All we need, IMO, is to even things out a bit, balance the suffering between the males and the females. But mostly, we need more books with female leads and vulnerable males in their lives. Now, are they bringing back Kate Spencer, the Manhunter, or not?


  1. Anonymous3:25 PM EDT

    Well said. The only way we can prevent violence against women in comics is to not have female characters. Or just have talking heads. Forever.

  2. I wish they would get on with it. Ive been looking for Manhunter to come back for months now, and dont even see a hint.

  3. Hi Shelly,
    I am not disgusted by stories that have women harmed, maimed, tortured, or raped. Nor am I disgusted by stories that have those things done to male characters. I AM disgusted by stories that do any of that to either sex for the sheer fun of doing it without a story reason, without a story to go with it. Without a purpose, without the follow-up.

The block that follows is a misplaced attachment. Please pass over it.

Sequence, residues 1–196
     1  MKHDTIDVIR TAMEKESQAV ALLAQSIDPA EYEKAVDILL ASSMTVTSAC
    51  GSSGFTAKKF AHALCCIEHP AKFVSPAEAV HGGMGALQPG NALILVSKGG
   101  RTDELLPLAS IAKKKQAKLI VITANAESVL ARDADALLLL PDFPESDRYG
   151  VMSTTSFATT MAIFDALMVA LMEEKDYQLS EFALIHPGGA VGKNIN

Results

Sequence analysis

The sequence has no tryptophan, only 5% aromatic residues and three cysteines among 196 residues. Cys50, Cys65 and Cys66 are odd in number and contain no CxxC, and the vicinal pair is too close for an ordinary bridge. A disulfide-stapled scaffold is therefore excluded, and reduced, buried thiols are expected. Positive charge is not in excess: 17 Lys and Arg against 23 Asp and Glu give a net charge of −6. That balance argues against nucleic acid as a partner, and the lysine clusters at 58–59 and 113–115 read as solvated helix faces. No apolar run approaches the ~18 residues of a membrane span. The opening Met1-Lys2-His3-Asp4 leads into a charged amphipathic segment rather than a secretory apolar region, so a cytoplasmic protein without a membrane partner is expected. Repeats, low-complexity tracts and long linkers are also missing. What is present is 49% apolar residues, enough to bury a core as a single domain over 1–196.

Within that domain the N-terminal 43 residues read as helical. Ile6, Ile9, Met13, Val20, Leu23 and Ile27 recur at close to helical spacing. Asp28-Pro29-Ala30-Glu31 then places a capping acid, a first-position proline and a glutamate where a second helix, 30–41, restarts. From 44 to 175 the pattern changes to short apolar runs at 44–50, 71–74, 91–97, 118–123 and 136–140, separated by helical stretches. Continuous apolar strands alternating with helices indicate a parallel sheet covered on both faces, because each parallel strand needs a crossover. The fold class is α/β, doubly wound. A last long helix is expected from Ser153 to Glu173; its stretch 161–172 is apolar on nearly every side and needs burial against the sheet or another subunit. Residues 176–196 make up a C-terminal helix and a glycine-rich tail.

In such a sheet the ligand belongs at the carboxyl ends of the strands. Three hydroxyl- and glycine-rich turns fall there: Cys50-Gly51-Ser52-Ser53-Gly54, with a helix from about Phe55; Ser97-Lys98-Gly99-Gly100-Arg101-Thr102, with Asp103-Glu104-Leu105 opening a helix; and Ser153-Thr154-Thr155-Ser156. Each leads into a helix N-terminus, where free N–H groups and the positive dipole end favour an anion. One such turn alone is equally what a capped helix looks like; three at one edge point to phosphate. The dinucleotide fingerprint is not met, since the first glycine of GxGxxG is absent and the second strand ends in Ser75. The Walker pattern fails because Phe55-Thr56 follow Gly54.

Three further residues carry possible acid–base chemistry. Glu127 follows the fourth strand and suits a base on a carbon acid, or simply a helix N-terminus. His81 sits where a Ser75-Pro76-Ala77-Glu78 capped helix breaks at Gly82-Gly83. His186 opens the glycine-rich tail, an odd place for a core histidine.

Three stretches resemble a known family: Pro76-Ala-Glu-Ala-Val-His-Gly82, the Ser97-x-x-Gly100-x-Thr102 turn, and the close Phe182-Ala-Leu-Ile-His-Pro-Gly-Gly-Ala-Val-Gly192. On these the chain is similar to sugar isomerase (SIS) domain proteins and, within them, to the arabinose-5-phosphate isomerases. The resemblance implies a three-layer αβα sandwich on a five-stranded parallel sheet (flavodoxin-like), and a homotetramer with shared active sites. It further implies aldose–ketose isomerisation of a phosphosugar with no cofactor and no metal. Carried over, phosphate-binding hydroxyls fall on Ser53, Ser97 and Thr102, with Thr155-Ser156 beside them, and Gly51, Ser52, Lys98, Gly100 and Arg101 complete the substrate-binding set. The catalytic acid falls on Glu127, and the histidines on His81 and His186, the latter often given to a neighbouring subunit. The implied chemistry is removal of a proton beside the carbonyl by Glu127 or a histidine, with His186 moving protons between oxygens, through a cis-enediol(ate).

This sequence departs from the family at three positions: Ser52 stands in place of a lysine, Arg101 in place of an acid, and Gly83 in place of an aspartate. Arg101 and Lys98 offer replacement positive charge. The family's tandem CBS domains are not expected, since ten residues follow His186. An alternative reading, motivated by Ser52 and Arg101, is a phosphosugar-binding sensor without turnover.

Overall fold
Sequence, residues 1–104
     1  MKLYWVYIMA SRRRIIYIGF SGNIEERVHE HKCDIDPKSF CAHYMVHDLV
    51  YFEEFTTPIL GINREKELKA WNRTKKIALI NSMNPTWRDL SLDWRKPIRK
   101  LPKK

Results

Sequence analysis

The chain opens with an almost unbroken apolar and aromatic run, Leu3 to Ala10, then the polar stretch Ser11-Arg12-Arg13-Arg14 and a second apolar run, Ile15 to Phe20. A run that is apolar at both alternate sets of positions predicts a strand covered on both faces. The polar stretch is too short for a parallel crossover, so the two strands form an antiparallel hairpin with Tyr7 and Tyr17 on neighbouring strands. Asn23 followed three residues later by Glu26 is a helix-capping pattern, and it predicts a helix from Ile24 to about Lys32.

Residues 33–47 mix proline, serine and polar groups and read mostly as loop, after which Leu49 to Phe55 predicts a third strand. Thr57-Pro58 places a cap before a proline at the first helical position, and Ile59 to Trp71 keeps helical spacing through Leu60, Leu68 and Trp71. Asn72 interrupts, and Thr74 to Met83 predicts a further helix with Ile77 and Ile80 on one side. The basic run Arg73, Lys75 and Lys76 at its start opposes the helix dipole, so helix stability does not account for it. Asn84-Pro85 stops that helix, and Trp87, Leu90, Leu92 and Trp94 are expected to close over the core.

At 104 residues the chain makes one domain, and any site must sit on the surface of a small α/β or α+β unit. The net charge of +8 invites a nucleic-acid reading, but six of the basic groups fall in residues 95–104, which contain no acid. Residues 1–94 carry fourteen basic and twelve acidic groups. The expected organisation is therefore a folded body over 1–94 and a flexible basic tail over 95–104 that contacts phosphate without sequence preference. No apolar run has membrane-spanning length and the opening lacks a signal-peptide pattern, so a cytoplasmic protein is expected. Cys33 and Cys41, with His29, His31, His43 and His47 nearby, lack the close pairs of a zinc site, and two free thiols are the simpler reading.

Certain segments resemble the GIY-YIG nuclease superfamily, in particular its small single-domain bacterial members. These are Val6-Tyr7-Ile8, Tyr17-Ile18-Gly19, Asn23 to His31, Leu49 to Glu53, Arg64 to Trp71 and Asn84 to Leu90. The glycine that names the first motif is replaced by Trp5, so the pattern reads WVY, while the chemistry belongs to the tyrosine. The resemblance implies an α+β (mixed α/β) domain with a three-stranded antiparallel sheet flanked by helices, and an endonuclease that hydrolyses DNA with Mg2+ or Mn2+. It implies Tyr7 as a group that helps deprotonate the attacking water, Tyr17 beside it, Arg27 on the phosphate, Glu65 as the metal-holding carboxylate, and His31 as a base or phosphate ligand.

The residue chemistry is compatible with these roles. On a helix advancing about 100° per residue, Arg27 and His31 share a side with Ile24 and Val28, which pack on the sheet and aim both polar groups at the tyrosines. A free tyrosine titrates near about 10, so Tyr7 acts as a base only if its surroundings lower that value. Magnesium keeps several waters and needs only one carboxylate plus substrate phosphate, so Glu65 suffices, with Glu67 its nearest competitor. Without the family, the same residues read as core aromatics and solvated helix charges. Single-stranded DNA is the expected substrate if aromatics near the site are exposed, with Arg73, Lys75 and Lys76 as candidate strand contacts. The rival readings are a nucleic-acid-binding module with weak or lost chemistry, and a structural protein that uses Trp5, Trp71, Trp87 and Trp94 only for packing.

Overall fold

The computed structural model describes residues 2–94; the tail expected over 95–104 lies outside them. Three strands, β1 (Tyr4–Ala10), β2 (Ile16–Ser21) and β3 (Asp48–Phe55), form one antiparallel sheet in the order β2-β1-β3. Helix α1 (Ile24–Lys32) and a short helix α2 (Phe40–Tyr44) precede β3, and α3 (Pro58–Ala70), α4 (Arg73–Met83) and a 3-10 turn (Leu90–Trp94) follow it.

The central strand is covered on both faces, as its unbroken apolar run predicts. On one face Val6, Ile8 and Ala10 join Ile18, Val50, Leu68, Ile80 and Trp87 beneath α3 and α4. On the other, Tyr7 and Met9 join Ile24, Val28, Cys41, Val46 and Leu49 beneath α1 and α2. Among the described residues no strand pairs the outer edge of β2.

Indeed. You have it Exactly. I've chewed over this for Some Time Now, and have listened in to many opinions about the matter, but honestly, I think that if we hide the very realities of the world in our literatures--sometimes children are orphaned, and sometimes women are hurt, and sometimes men are used--then we have no safe space in which to *talk* about Said Realities.

    I wish we lived in a world in which every woman could walk down every street safely, or every person could stay safe behind a locked door, but that's not the world we live in. Perhaps talking about it will help to end it? I'm Not Sure, but certainly, we can try.

    Thanks, Friend, for a Very Smart Post.

  4. Thanks, Amy,

    I've given it a lot of thought over the years, since I was a kid and realized I liked violent TV even though I hate violence in reality.